(German-soccer-geeks only.) Play it again, Jupp! -- I am no fan of Bayern Munich. But I love the idea of bringing back the 72-year-old Heynckes as coach.
Ambitions. -- From now on, I'll try to fit all my weekly supervisions into one day (Wednesday). I did a nine-hours stint today. I managed -- just. It would have been easier without lumbago torturing me the whole time.
Teaching philosophical funambulism. -- Am I expecting too much of my students (and myself)? I have been struggling all day trying to write an accessible ninety-minute undergraduate lecture on Harty Field's "expressivist relativism".
Memories. -- I feel very honoured about having been elected, last week, to the "Institut International de Philosophie". Many thanks to the friends who supported me, especially Jure Zovko, Gabriel Sandu, and Ilkka Niiniluoto. It takes me back to around 1995 when I was generously invited to speak at one of its meetings (in Helsinki): I defended a sociological approach to the history of philosophy against Anthony ("The Legend") Kenny. In the front row sat Lili Alanen, Ruth Marcus, Georg Henrik von Wright, Jaakko Hintikka, Dagfinn Follesdal, Sir Peter Strawson, and David Wiggins. I was shakin' in my boots. I felt such a greenhorn.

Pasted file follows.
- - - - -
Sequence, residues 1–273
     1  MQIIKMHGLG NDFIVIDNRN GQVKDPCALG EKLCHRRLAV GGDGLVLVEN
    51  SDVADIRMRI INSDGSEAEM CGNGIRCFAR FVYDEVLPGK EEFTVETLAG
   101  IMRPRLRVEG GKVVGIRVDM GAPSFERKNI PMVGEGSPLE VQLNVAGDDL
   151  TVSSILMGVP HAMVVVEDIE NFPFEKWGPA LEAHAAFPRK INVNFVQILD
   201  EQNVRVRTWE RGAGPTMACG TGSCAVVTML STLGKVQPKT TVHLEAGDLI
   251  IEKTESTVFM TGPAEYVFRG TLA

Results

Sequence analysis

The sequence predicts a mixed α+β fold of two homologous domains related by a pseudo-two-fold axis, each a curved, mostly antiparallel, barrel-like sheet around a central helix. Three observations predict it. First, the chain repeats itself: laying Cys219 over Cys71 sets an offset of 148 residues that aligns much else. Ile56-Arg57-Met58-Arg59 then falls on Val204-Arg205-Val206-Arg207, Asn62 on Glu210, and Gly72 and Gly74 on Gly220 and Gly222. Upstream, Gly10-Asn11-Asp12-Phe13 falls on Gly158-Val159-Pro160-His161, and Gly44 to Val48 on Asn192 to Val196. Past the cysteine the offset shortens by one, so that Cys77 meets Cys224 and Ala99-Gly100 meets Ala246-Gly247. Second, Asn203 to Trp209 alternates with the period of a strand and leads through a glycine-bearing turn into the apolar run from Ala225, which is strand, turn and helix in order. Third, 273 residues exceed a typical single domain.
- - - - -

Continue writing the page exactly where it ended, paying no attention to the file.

Just saying. -- The U of Vienna is ranked (by the THE) 165th in the world. Arts and Humanities are ranked 41st.
Idée fixe morbide. -- Placing my parents' urns into their grave this morning, the following lines (from a poem by Max Herrmann-Neiße) kept racing through my mind:
Verfallen ist mein Vaterhaus,
ein Licht geht nach dem anderen aus,
und immer dunkler wird die Welt.
I don't believe any of it -- but still ...
Desmond Clarke (1942 – 2016). -- I am very pleased to see the publication of a volume in his honour. I only met him once (years ago when I gave a talk in Cork). We went for a coffee and discussed philosophy for several hours. He almost made me switch my research interests to Early-Modern philosophy. What a modest, kind and intellectually stimulating man!
I am not ignoring the German elections. -- I just don't think a Janovian "primal scream" qualifies as an aphorism.